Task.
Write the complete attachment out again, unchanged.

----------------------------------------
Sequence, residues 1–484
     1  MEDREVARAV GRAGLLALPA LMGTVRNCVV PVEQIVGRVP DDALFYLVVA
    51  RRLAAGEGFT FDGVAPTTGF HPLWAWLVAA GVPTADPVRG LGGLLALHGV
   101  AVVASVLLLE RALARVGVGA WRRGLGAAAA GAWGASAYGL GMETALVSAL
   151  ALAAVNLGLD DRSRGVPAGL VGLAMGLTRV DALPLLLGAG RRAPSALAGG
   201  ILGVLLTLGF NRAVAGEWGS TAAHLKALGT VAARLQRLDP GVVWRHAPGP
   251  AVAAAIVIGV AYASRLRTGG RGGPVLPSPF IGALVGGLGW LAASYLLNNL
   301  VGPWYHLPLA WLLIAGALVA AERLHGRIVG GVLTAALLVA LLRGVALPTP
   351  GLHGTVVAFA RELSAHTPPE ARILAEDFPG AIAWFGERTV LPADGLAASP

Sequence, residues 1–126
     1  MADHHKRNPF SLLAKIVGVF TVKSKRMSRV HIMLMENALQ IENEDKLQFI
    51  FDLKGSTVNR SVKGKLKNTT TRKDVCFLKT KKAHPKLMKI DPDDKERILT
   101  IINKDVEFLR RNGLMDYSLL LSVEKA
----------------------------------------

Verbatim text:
Sequence, residues 1–484
     1  MEDREVARAV GRAGLLALPA LMGTVRNCVV PVEQIVGRVP DDALFYLVVA
    51  RRLAAGEGFT FDGVAPTTGF HPLWAWLVAA GVPTADPVRG LGGLLALHGV
   101  AVVASVLLLE RALARVGVGA WRRGLGAAAA GAWGASAYGL GMETALVSAL
   151  ALAAVNLGLD DRSRGVPAGL VGLAMGLTRV DALPLLLGAG RRAPSALAGG
   201  ILGVLLTLGF NRAVAGEWGS TAAHLKALGT VAARLQRLDP GVVWRHAPGP
   251  AVAAAIVIGV AYASRLRTGG RGGPVLPSPF IGALVGGLGW LAASYLLNNL
   301  VGPWYHLPLA WLLIAGALVA AERLHGRIVG GVLTAALLVA LLRGVALPTP
   351  GLHGTVVAFA RELSAHTPPE ARILAEDFPG AIAWFGERTV LPADGLAASP

Sequence, residues 1–126
     1  MADHHKRNPF SLLAKIVGVF TVKSKRMSRV HIMLMENALQ IENEDKLQFI
    51  FDLKGSTVNR SVKGKLKNTT TRKDVCFLKT KKAHPKLMKI DPDDKERILT
   101  IINKDVEFLR RNGLMDYSLL LSVEKA